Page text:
His biggest problem as a rookie may have been endurance. He shot just 31 percent in the fourth quarter and overtime, but 44 percent in the first 36 minutes. That's something Beal should definitely improve as he gets older, stronger and better understands how to pace himself. Even if he doesn't significantly improve his actual shooting in Year 2, simply maintaining his energy further into games should make him a better player.
A quick history lesson
Researching Beal's statistics from 2012-13 proved to be a good deal of fun. Even with the lengthy era of high school players entering the draft, Beal's accomplishments during his first NBA season rival those of practically any other teenage player.
Here's the list of NBA players who averaged more than Beal's 13.9 points per game before turning 20: LeBron James, Kevin Durant, Kobe Bryant, Carmelo Anthony, Kyrie Irving and Stephon Marbury. Getting to the NBA at a young age shows you're good; putting up these kinds of numbers once there shows you could be great.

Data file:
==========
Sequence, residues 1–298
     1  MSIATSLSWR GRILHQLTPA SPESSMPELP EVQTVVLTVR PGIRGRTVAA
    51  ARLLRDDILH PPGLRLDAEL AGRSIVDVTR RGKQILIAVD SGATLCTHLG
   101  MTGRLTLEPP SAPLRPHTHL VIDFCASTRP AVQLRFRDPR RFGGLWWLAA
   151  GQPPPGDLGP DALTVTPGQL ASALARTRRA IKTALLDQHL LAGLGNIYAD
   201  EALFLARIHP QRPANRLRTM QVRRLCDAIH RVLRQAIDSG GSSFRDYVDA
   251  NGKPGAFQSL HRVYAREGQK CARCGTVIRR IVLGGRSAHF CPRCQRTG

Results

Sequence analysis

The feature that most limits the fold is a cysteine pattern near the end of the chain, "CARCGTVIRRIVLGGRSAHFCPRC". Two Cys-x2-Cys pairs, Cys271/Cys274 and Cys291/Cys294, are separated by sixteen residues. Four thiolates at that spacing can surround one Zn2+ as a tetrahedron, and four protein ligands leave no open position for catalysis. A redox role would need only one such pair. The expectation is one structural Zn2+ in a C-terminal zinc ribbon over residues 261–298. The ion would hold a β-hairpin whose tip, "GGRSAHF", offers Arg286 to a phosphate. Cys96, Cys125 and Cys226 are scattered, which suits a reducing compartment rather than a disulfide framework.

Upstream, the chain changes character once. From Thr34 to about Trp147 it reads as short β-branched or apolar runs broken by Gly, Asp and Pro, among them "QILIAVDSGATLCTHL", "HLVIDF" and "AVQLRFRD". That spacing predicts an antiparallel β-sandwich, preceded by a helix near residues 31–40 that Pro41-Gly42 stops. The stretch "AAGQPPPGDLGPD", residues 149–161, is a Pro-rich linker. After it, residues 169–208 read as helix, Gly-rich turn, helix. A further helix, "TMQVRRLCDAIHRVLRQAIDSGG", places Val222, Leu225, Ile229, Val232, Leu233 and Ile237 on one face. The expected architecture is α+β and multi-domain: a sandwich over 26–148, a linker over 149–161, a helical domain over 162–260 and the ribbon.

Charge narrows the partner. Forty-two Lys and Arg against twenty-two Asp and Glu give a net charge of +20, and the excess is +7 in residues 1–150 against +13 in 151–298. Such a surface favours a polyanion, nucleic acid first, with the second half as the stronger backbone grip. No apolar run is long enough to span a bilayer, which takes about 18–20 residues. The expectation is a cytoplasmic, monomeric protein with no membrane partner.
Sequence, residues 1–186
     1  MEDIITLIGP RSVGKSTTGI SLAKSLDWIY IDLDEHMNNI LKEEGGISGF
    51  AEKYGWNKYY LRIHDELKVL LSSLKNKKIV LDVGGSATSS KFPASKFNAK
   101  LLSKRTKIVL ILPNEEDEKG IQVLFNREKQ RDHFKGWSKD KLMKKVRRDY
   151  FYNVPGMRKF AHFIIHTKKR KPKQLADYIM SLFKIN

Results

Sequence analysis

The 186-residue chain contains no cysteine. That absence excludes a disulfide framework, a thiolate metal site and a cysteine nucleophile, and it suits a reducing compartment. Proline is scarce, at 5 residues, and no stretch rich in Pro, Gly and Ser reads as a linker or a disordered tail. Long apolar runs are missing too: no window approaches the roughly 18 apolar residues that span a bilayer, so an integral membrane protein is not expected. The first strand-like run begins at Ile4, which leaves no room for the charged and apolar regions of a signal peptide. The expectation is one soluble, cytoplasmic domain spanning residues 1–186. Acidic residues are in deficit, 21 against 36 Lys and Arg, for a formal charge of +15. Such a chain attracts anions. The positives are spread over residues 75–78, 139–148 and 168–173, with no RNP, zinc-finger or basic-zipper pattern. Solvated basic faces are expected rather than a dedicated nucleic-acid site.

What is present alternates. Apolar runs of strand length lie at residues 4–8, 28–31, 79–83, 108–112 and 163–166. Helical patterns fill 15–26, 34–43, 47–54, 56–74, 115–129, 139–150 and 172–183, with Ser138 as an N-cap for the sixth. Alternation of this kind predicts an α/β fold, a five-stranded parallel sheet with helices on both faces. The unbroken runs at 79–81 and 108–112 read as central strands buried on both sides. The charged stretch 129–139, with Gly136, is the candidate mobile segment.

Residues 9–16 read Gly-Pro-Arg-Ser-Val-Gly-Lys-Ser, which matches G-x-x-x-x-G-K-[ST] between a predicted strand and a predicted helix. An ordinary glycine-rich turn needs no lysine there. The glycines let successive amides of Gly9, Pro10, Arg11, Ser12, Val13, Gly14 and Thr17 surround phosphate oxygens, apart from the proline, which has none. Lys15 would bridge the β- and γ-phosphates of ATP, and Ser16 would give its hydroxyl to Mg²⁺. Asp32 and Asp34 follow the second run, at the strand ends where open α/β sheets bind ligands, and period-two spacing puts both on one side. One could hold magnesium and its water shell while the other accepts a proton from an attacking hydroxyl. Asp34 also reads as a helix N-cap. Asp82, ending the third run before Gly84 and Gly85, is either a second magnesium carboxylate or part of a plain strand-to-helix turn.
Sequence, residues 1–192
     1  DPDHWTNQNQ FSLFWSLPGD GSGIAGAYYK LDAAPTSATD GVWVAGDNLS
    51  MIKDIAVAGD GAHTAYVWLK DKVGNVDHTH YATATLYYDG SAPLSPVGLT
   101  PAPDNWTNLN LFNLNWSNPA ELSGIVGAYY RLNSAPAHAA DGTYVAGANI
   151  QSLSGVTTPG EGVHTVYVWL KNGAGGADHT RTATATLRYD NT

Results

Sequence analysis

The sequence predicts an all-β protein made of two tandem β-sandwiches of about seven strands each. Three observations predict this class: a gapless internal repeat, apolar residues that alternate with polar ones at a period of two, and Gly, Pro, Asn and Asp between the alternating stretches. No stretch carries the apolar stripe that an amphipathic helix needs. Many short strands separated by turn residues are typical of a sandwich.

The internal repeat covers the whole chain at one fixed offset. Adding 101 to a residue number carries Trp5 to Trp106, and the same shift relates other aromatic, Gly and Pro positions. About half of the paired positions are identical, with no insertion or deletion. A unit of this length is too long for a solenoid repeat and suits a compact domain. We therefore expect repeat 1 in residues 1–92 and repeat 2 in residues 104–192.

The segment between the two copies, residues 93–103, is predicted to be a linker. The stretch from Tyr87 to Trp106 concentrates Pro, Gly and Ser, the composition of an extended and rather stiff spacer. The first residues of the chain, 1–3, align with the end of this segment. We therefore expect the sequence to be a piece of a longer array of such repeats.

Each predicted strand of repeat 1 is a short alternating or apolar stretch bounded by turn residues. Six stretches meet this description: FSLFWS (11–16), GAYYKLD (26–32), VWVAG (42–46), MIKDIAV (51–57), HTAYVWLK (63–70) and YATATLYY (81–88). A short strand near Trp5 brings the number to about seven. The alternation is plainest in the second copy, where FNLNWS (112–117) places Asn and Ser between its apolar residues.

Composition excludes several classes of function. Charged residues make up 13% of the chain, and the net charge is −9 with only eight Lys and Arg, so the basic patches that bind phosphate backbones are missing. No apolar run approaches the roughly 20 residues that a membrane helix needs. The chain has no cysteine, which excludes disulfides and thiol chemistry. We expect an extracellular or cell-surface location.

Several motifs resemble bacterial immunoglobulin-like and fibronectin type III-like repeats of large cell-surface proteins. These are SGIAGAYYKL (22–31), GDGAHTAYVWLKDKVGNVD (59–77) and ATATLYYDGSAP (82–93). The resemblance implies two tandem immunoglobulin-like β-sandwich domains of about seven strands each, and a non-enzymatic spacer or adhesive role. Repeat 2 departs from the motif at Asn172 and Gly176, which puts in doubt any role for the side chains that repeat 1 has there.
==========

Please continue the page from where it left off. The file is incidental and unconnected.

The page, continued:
Beal's teenage efficiency doesn't quite hold up to the same standard beyond his three-point shooting, but that may likely sum up his career: a truly special shooter who plays average to above-average in other key areas of the game. Is that enough to be the second-best player on a title contender? Probably not, but it wouldn't be unreasonable to suggest there's more to Beal.
The scorer's mentality
There's a noticeable, almost cerebral nature to the way Beal plays. He's still learning how to properly work within a team defense, but the way he moves around the court suggests a natural basketball sense. The best athletes display unusual muscle memory and understanding, where "doing the right thing" on the court almost becomes second nature. You can see a little bit of that in Beal, a guy who just gets what needs to be done to help his team win.
After Wall's max contract press conference last month, Randy Wittman spoke about working with Beal to expand his game as a ball-handler and playmaker. After missing a good portion of the offseason recovering from a stress injury, working to run the offense and get his own shots is a key next step, and the seeds of success are sowed even there.
When you talk about Beal taking his game to the next level, from premier shooter to all-around superstar, it's easiest to imagine after watching plays like the buzzer-beater against Oklahoma City: